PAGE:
Assessment of student learning
McKendree University (IL) is engaged in a seven-year assessment revision initiative entitled “Assessment 2.0.” Its purpose is to build a comprehensive and sustainable system to assess undergraduate student learning outcomes, and to link that system to faculty-development activities.
The first step was to adopt a revised set of seven student learning outcomes for undergraduate students (e.g., engagement, effective communication, inquiry and problem solving, etc.).
The faculty derived the new outcomes directly from the university mission statement. Each year since then, one of the seven outcomes is targeted annually, with a volunteer committee of faculty and staff charged with determining performance indicators and identifying assessment tools to be used.
In 2011-12, a committee created a crosswalk among the DQP, the McKendree University student learning outcomes, the Association of American Colleges and Universities LEAP Essential Learning Outcomes, and the NCAA key attributes. Completing this crosswalk helped to provide construct validity for its student learning outcomes and to create a common language for some outcomes. Notably, the DQP category of “broad, integrative knowledge” has helped lead the university to identify a capstone experience in all fields of study. The university is now working to create faculty-
development programs related to capstone experiences.
Faculty members at Middlesex Community College and the University of Massachusetts-Lowell have a history of collaborative vertical curriculum alignment work. As with colleagues at other two- and four-year institutions, they have grappled with questions related to students’ achievement of stated institutional learning outcomes. A continuing concern is demonstrating how the outcomes at the associate degree level differ from those at the bachelor’s level.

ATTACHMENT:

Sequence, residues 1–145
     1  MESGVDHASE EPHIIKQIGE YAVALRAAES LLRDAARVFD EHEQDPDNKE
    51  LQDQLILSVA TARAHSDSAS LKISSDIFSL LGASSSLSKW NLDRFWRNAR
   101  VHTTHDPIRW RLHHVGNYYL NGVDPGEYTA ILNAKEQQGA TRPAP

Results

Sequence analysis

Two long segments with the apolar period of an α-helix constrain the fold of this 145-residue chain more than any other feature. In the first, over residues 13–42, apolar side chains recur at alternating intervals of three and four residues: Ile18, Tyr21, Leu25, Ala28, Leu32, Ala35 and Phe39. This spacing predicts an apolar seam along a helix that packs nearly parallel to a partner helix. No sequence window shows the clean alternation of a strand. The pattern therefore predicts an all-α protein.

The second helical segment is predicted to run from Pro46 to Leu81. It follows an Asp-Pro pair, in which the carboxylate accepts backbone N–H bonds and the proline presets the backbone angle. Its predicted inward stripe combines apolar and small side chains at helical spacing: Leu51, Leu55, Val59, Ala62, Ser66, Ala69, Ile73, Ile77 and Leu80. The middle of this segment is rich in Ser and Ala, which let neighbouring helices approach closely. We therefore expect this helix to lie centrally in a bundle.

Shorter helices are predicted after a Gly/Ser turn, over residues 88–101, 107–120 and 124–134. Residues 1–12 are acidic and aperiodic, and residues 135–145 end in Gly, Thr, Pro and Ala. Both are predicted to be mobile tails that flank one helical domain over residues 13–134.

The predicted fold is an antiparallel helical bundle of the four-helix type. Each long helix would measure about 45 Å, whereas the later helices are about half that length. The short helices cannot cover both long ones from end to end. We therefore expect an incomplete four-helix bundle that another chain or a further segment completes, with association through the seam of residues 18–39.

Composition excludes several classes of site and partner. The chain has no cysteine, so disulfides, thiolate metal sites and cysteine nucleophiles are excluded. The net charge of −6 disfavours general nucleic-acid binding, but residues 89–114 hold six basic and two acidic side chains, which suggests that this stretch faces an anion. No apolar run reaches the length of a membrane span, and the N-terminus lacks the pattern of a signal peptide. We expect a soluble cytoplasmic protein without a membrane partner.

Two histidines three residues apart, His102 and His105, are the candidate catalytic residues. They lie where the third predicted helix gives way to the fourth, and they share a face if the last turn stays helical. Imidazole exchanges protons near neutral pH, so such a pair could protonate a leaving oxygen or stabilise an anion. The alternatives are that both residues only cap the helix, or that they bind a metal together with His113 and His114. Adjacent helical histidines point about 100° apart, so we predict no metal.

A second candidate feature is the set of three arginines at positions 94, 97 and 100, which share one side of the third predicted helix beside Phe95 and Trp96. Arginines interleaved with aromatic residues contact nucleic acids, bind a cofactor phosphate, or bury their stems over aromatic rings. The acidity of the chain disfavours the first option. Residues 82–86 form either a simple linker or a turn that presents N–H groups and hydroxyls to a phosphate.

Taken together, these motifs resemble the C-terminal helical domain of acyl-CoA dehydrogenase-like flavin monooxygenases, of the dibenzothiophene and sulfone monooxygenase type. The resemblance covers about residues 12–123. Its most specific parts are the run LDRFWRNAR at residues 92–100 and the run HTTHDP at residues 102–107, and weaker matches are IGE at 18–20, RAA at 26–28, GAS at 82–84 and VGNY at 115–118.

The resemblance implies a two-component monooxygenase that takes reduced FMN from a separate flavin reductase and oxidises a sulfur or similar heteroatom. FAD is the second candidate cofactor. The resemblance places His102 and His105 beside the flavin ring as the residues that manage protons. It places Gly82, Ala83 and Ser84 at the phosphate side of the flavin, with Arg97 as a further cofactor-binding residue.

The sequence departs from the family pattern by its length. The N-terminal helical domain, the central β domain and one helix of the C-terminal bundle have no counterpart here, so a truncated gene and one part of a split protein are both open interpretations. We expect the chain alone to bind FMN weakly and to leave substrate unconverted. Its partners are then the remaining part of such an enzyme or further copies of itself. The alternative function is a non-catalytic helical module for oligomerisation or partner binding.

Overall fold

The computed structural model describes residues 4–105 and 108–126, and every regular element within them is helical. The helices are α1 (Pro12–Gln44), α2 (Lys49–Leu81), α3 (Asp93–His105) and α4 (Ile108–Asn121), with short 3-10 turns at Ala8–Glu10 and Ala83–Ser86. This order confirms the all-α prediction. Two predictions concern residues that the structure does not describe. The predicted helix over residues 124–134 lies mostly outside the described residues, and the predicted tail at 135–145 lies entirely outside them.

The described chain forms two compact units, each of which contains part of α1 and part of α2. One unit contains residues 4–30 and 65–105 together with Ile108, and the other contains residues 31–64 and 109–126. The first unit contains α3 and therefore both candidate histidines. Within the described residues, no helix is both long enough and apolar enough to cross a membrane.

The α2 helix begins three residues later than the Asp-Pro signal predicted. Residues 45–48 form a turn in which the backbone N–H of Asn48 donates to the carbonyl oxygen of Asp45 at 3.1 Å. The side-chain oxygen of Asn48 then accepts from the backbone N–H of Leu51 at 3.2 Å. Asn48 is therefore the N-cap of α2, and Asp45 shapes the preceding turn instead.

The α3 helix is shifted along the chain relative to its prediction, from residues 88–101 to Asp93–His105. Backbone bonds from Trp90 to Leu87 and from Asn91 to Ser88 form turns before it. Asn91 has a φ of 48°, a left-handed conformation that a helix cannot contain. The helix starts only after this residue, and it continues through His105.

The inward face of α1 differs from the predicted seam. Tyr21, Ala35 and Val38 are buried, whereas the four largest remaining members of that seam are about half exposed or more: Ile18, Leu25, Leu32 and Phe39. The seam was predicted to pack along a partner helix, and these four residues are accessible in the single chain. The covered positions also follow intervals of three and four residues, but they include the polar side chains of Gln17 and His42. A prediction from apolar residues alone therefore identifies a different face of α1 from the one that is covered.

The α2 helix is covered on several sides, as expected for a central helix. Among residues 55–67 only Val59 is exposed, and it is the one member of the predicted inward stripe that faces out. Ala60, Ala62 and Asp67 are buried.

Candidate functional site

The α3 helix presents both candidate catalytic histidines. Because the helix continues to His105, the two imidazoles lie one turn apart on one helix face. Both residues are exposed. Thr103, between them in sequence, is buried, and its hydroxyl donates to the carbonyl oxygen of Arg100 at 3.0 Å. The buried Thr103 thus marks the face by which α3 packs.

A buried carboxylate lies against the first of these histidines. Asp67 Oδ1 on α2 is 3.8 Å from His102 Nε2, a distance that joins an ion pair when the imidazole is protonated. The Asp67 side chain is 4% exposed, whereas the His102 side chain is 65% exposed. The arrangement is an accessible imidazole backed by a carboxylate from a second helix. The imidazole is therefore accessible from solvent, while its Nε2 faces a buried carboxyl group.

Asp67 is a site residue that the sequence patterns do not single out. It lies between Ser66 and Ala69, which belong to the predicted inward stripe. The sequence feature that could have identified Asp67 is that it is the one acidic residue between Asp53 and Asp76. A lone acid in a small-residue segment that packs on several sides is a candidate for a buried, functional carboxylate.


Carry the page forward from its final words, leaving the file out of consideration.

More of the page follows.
Under the auspices of the AAC&U Quality Collaboratives project, the DQP was used as a framework for developing a scaffolded set of expectations for student achievement of specific learning outcomes associated with the associate degree and bachelor’s degree.
These two campuses focused their collaborative work on assessing the quality of student writing from the first year of college through the senior year. The intent is to apply and extend this model to assess student proficiency in Quantitative Fluency over time and across the curriculum, drawing on faculty expertise from both institutions in the biology, business, criminal justice and psychology programs. This focus on assessment helped spark important work on assignment design as well.
The University of Charleston (WV) is a private institution offering associate, baccalaureate and graduate programs. Rather than completing a traditional general education program, baccalaureate students at the University of Charleston are required to demonstrate achievement of six Liberal Learning Outcomes (LLOs): Citizenship, Communication, Creativity, Critical Thinking, Ethical Practice and Science.
Demonstration of achievement occurs through learning activities embedded in selected courses, within and outside the student’s chosen field of study.
The DQP framework is being used as the model for developing specific descriptors for demonstration of LLOs at all degree levels. The framework has helped sharpen thinking about differentiation in levels of skills and knowledge, and more clearly articulate what graduates should know and be able to do with degrees.
Opportunities for demonstrating outcomes achievement at Foundational, Mid-level or Advanced proficiencies vary in academic programs. This presents a challenge for transfer students who may have missed opportunities that occur early in a specific program, and for students moving into six-year graduate professional programs (e.g., pharmacy and physician assistant) who aspired to earn a bachelor’s degree. Articulating expectations for achievement at levels above and below the baccalaureate through the framework of the DQP is expected to resolve many of these issues.
Assessment is embedded into courses with student work being posted to e-portfolios and assessed using university- developed rubrics. While the DQP project has been valuable in articulating proficiencies for outcomes at all degree levels, it has prompted a closer examination of whether the existing rubrics were yielding actionable information about student performance. Conversations on this topic are ongoing in Liberal Learning Roundtables this year and will likely result in revisions of most rubrics.